Growing up in a south-Asian household, I often wondered why violence and abuse were so normalized against the women of my community. A good woman is not supposed to “speak up” if she gets hit by an intimate partner because it is considered a “family matter.” But God forbid she wants to stand up for herself and dissipate the toxic generation cycles and stand up against her abusers then she is considered a “bad woman”.
This toxic generational cycle has led men and women of our community to believe that domestic abuse, whether it is physical or verbal, is completely normal. In the past few years, domestic violence in Pakistan has significantly escalated, especially in rural areas.
Research shows that more than two-thirds of women in Pakistan have been victims of some kind of abuse
Although the issue of domestic violence is constantly highlighted in the media, not many organizations or government sectors are willing to take the chance to do something about helping domestic abuse victims.
Due to a lack of non-profit organizations and NGOs, many women spend their lives in silence for the fear of not being provided with security or safety due to ineffective police investigation and prosecution. Pakistan lags far behind than most developing countries in terms of gender equity and women’s safety.
What causes domestic violence in Pakistan?
Several factors can lead to domestic violence in Pakistan. Some of the many reasons why domestic violence arises can be due to disagreements between husband and wife, choice preferences, family issues, mental health issues, etc. Certain distinguished factors lead to an increased amount of domestic violence in Pakistan which can pose detrimental side effects to the mental and physical health of the victim.
A woman’s low educational level and a lack of political representation can result in a lack of women empowerment amongst the females in Pakistan. These conditions have led their abuser to believe that their wives should hold nothing but a “suppressed personality” throughout their marriage. In Pakistan, we rarely see women in leadership or political roles.
Some of the other reasons for domestic violence in Pakistan include a lack of financial stability and a lack of awareness amongst young girls about the rights they possess as human beings.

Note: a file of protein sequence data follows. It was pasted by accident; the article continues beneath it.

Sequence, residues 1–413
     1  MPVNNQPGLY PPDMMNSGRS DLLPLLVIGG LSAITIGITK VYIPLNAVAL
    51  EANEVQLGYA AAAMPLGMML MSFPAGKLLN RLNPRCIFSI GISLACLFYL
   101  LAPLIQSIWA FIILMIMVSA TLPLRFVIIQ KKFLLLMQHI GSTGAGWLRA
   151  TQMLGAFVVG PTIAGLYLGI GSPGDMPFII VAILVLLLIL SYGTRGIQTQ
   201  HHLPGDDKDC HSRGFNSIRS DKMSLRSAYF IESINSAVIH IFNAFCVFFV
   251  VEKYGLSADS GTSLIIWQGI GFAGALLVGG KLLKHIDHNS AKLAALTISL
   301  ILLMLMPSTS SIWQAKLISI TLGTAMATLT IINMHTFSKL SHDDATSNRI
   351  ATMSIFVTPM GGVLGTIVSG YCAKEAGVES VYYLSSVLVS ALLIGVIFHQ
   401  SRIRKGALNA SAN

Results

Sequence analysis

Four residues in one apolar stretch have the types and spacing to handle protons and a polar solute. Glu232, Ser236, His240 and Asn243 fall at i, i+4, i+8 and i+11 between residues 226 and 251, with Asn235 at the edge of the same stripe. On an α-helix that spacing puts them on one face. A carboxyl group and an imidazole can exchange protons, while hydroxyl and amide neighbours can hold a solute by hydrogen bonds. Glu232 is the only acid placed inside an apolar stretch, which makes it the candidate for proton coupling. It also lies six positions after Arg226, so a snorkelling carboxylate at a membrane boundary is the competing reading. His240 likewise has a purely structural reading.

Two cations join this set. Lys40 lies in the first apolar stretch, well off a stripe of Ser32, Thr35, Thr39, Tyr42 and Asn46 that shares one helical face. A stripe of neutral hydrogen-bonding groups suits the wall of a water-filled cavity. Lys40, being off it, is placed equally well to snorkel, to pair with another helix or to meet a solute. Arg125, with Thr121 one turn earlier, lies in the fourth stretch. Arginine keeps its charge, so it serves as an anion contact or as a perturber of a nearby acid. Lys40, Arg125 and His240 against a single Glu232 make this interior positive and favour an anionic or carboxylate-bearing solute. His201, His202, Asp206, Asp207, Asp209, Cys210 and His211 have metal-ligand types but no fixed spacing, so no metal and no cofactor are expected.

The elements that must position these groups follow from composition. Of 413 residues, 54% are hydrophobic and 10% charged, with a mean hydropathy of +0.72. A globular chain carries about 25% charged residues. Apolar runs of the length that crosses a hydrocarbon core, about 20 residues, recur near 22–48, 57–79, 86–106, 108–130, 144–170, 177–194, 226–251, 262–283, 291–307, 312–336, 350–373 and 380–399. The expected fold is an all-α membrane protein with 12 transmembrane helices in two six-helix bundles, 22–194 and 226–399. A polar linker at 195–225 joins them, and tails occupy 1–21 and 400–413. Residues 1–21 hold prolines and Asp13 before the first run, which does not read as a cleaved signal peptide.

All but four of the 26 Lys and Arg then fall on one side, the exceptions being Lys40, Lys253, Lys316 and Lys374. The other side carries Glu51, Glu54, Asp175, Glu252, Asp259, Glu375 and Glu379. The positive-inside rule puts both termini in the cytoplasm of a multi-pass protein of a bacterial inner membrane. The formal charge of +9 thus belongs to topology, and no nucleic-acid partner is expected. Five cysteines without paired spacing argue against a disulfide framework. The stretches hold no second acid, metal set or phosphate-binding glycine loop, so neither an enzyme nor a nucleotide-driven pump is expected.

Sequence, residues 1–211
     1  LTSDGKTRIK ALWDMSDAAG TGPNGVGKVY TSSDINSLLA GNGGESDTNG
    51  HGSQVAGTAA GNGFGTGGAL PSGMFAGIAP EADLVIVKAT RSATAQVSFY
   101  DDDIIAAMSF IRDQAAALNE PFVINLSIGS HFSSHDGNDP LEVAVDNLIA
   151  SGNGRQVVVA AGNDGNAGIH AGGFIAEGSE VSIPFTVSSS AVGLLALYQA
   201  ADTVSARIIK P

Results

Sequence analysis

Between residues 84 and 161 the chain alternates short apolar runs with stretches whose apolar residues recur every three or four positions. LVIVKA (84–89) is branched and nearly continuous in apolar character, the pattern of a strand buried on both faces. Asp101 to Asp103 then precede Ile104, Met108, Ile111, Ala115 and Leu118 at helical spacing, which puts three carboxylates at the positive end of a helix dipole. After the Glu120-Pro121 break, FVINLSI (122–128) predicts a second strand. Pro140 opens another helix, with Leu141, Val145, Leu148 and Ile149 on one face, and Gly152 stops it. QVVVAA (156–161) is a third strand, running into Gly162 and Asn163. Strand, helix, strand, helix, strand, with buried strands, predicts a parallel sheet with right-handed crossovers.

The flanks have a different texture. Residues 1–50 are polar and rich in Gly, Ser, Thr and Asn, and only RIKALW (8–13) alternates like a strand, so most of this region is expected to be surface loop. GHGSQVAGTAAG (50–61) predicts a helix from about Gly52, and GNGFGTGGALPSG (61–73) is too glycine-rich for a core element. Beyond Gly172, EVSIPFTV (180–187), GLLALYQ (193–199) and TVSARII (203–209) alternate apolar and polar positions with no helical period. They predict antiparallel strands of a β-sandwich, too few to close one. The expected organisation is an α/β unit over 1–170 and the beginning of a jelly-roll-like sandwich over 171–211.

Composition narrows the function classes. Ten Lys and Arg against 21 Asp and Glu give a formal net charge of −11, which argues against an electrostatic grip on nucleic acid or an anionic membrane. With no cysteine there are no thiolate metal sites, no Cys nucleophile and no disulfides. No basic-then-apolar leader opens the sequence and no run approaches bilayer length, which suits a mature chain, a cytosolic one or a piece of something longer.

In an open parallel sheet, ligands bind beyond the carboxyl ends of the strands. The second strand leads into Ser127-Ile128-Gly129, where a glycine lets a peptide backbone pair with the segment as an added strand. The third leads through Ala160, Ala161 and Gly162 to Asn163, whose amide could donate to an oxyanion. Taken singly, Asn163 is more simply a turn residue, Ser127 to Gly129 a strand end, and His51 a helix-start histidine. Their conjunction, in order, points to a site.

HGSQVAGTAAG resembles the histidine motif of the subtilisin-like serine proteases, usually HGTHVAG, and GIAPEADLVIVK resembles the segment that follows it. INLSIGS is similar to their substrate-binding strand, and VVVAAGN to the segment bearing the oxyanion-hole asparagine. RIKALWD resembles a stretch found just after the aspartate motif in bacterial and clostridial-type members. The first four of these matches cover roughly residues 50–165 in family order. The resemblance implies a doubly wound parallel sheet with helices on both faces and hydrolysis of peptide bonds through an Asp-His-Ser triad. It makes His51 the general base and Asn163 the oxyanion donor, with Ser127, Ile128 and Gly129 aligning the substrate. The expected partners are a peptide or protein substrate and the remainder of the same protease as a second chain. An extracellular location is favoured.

In Pakistan, girls are brought up from a young age with a belief that it is better to remain quiet in an abusive marriage than to get a divorce from one’s intimate partner even if he is verbally or physically abusive. This cultural belief has incorporated itself from generations. Young girls grow up watching their aunts and mothers being treated unfairly and believe that ‘it is normal” for a husband to slap his wife and it is not uncommon if she is verbally abused on a daily basis.
Due to the lack of financial independence, women bear abuse from their intimate partners because the perpetrators know that their wives have no means of financial security. If she seeks divorce from him, where will she go? How will she support herself? How will she live life without a stable job, a college degree, or relevant work experience?
Without proper financial independence, women become helpless and have no choice but to put up with their abusive marriage/relationship.
How common is domestic violence in Pakistan?
Domestic violence has been prevalent in Pakistan for the past few decades. Domestic abuse is real. It happens in rural areas and it happens in urban cities such as Karachi and Islamabad. Research in Karachi revealed that 34% of the female interviewees reported acing physical abuse when asked about it.
Another study in Pakistan conducted on a group of women revealed that approximately 99% of the housewives and 77% of working females were physically assaulted by their partners.